************ Sermon on Daniel 8:25-27 ************
By: Rev. Adrian Dieleman
This sermon was preached on April 2, 2006
"The Final Outcome"
Daniel's dream of the ram and the goat shows us of things to come in the world, of things to come in the church, and of things to come for the Antichrist.
As far as the world is concerned, Daniel's dream of the ram and the goat shows us that all earthly kingdoms come and go. It shows us that the kingdom of the Antichrist arises from the ash-heap of the nations that weaken and destroy each other. It shows us that the kingdom of the Antichrist arises when all the earthly powers have become nothing or next to nothing.
As far as the church is concerned, Daniel's vision of the ram and the goat shows us a church that the Antichrist attacks from within and without. Daniel's vision shows us a church that becomes more and more secular, more and more like the world. It shows us a church that suffers persecution and tribulation. It shows us a church that has a falling-away through apostasy. It shows us a church that is weakened to the point where she is only a shadow of herself.
Today, we look at what Daniel's vision tells us about things to come for the Antichrist.
I The Antichrist's Rise and Fall
A The picture the Bible presents of the Antichrist is simply terrifying. In trying to describe it in chapter 7 Daniel is not sure whether it is man, beast, or machine. But whatever it was, it was "terrifying and frightening and very powerful; it crushed and devoured its victims and trampled underfoot whatever was left" (7:7). And, in chapter 8, Daniel tells us,
(Dan 8:24-25) He will cause astounding devastation and will succeed in whatever he does. He will destroy the mighty men and the holy people. (25) He will cause deceit to prosper, and he will consider himself superior. When they feel secure, he will destroy many and take his stand against the Prince of princes.
Terrifying as the Antichrist may be, Daniel admits that behind him is someone even more terrifying. That someone is the Devil, Satan, the great serpent. You see, the Antichrist is but a tool, an instrument, a club in the hand of Satan. Daniel says, "He will become very strong, but not by his own power" (vs 24). "Not by his own power" because it is Satan who raises him up. It is Satan who gives him power and authority. It is Satan who makes him prosper and gives him success. It is Satan who is the power behind the throne. The Antichrist is but a pawn, a puppet, in the hands of Satan.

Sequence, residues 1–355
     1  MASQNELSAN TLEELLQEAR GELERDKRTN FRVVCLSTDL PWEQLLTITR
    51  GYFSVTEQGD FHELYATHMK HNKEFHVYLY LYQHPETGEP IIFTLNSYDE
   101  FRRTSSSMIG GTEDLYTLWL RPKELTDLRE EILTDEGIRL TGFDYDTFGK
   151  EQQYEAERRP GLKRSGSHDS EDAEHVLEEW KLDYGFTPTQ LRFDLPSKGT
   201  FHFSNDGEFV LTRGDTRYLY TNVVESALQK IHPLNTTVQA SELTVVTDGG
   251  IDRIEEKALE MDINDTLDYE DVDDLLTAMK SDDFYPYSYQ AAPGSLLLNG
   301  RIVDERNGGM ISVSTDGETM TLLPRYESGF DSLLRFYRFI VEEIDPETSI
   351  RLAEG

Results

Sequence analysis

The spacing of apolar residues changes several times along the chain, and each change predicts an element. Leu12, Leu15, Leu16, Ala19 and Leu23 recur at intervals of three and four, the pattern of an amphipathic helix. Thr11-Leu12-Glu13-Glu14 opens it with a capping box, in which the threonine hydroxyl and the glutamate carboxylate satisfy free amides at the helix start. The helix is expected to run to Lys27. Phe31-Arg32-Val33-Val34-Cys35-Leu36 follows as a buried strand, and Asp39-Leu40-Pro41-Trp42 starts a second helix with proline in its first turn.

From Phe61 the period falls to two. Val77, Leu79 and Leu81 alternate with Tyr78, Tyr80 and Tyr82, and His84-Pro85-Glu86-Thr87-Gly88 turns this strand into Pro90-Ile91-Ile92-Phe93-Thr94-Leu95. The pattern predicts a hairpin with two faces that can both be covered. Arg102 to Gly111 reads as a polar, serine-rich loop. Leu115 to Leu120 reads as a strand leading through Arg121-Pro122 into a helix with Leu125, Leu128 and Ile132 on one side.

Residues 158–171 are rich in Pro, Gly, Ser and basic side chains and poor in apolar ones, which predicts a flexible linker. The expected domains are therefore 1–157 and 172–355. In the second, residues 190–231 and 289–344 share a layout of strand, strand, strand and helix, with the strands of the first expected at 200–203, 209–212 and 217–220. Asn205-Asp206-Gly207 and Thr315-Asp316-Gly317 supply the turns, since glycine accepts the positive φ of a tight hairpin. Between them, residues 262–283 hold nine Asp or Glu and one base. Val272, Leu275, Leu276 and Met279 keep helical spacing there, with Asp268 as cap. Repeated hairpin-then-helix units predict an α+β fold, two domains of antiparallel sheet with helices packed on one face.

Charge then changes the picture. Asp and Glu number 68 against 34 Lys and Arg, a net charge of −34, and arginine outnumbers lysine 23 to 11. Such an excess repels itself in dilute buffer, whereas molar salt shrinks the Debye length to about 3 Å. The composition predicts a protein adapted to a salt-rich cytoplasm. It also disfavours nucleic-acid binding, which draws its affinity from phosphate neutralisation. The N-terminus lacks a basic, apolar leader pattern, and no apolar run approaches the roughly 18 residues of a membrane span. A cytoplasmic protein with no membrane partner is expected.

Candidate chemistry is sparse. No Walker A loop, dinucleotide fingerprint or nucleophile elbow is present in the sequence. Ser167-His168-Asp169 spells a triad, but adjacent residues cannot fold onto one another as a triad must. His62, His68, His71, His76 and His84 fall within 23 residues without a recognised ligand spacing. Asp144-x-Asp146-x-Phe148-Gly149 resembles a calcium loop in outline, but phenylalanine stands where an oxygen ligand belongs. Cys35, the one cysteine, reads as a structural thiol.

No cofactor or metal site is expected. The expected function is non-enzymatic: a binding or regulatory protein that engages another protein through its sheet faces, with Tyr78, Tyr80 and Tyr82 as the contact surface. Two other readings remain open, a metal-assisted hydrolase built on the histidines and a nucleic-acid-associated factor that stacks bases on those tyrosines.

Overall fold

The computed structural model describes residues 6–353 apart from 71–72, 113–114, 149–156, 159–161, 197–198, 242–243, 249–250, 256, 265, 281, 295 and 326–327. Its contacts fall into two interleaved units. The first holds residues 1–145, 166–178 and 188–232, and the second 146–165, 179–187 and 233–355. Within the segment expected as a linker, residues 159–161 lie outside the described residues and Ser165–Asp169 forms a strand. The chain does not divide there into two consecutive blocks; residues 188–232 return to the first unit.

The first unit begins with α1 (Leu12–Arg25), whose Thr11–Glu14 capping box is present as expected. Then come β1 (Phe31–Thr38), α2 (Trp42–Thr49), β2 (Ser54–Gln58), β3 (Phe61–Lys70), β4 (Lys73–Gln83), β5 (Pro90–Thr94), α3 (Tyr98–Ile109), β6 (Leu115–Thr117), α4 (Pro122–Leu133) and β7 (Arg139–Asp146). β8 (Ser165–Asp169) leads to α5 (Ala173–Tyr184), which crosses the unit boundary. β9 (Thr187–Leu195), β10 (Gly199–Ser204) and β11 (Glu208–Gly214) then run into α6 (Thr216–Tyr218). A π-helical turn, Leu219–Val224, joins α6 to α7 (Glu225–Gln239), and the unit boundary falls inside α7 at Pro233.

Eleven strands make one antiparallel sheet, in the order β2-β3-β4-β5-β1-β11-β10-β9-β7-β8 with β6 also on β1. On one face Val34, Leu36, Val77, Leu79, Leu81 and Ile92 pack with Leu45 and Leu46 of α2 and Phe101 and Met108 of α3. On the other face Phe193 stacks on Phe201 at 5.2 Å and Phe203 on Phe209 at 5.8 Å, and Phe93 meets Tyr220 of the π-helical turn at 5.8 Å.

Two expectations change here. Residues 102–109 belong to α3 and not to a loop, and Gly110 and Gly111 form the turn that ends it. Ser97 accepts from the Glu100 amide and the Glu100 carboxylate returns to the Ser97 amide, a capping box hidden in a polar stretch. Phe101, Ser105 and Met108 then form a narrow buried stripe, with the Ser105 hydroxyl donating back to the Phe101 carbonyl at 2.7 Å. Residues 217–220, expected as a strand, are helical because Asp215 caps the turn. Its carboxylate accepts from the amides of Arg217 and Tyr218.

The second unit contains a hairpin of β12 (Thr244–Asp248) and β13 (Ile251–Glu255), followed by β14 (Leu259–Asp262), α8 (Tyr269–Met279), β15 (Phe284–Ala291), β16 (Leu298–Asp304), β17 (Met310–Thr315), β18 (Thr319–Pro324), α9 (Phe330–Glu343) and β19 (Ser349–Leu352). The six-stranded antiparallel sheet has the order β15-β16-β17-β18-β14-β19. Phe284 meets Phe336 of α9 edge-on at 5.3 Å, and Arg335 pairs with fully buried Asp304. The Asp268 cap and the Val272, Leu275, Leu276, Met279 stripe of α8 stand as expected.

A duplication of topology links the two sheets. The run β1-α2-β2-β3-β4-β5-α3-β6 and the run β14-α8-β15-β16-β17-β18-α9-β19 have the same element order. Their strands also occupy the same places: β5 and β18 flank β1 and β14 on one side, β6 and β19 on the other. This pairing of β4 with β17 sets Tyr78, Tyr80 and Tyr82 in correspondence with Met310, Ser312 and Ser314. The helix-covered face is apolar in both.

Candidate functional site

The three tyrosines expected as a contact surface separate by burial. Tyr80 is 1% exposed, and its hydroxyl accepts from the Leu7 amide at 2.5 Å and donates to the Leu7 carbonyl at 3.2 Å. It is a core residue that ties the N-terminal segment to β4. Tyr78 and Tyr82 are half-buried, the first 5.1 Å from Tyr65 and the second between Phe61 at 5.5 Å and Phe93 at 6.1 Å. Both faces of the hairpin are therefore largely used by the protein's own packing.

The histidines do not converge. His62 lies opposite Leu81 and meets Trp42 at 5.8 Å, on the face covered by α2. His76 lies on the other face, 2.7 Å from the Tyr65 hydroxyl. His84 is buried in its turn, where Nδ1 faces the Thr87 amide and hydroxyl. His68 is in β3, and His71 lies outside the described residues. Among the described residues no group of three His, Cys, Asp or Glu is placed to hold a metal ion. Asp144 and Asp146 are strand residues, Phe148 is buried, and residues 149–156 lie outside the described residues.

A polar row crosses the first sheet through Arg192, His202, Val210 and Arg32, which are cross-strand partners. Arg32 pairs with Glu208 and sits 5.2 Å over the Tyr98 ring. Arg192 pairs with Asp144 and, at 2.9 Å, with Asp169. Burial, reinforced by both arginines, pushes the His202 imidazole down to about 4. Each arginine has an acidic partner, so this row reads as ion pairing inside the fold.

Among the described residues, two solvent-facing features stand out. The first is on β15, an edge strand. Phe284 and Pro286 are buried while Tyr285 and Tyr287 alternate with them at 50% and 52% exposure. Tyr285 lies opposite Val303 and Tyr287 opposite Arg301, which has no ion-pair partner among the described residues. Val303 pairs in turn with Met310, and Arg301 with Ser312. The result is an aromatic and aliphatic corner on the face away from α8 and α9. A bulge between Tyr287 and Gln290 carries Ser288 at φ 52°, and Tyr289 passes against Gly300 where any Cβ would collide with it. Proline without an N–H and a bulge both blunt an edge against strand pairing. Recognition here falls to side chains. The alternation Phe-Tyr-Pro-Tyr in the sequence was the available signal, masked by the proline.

Even as the Antichrist is raised by another power, so is he destroyed by another power. Daniel says, "he will be destroyed, but not by human power" (vs 25). The Antichrist is raised by Satan and destroyed by the Lord Jesus.
The Antichrist is caught up in something far bigger, far greater, than dominion on the earth. He is caught up in a struggle that involves heaven and earth, men and angels, spirits and demons. He is caught up in the universal struggle between good and evil, light and darkness, the seed of the woman and the spawn of Satan. Remember what God announced to Satan in the Garden of Eden already? He said,
(Gen 3:15) And I will put enmity between you and the woman, and between your offspring and hers; he will crush your head, and you will strike his heel.In the Garden God announces that He and Satan are eternal enemies, caught in conflict that cannot end until Satan has been destroyed. This struggle between God and Satan finds its climax in the rising and falling of the Antichrist.